Archive for February, 2021

Activity: LwL The Principal Dialogues

Tuesday, February 16th, 2021

I’ve been partnering with Learn with Leaders (LwL) on YCISL programs for about 8 months. It has inspired and enabled me to reach out to new horizons and focus on Zoom-enabled coaching. It’s been a fun challenge.

A couple of weeks ago, I participated in an event called “The Principal Dialogues” where LwL invited a group of school heads/principals for a Popcorn with Colin-like online Zoom discussion group. The event came about as a result of discussions about how to partner with schools with our new series of online programs. As reflected by my organizing partner in Japan, it may be that (1) schools are still putting their focus and energy into re-grouping from the virus-induced disruption and concentrating on curriculum continuity,  or (2) the on again-off again switches creates too much uncertainty to make commitments. To find out more, we thought we would ask the school leaders.

We came up with an agenda where everyone took a turn to warm-up the discussion by sharing their reflections as an educator in 2020. For my part, I mentioned the ITW program and the five skills being coached, the NIFTI-SEWSS Scholars Program seminar series, and the in-progress NIFTI Roundtable planning activity. The uncertainty about whether we would resonate quickly dissipated as we found several in-common areas of thought. And we did this despite varying levels of disruption – or even non-disruption as described by Guy (Presbyterian Ladies’ College, Perth WA). Here are a few “bites” from the discussion (what I managed to jot down):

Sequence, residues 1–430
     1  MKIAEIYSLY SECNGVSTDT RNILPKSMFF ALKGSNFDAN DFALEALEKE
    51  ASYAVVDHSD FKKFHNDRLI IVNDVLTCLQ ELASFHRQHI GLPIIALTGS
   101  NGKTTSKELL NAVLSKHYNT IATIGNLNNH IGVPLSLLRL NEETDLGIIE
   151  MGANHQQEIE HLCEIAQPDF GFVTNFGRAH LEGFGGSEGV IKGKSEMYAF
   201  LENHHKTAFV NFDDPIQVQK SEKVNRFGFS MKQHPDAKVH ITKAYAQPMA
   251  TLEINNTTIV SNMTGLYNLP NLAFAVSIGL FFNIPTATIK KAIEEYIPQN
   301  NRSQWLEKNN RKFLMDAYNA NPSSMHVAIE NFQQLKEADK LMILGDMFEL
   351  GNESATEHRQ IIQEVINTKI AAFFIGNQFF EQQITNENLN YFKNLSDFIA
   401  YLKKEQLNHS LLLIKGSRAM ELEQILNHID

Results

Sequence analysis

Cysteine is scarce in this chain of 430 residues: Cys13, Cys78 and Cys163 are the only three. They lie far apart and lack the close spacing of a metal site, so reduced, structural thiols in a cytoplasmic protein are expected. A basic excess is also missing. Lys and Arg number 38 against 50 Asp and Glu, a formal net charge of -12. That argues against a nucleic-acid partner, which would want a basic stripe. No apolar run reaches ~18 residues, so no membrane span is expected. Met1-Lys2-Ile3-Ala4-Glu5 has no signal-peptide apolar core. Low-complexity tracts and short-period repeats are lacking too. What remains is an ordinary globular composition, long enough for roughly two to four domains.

• Awareness. We heard from Caroline (Liger Leadership Academy) about the importance of self-awareness. Mark (The British School, New Delhi) connected this to metacognition and the “snowflake” condition. To me, this fits well with my YCISL interest in emotional intelligence and the application of design thinking to developing a personal brand identity through our “Your Personal Story” exercises. I think the issue is that there is a common belief that one’s awareness and brand identity is already naturally present and needs no additional investment or work. The problem is in the form and function being absent of EQ.
  • Playfulness Quotient. Many of the participants identified social isolation as a front-line issue during the current educational rollercoaster ride. This isolation has inhibited in-person social interaction as well as creating new connections. Like a neural network, there is a decay going on. Monica (Shiv Nadar School, Gurgaon) raised the term “Playfulness Quotient” which piqued my interest as it resonated with the YCISL activities (eg, ping pong game) emphasizing play as a means for sparking creativity. This “PQ” idea extends well from Tim Brown’s “Tales of Creativity & Play” from which we learn that interventional action is needed during the school years to ensure happiness and well-being for life.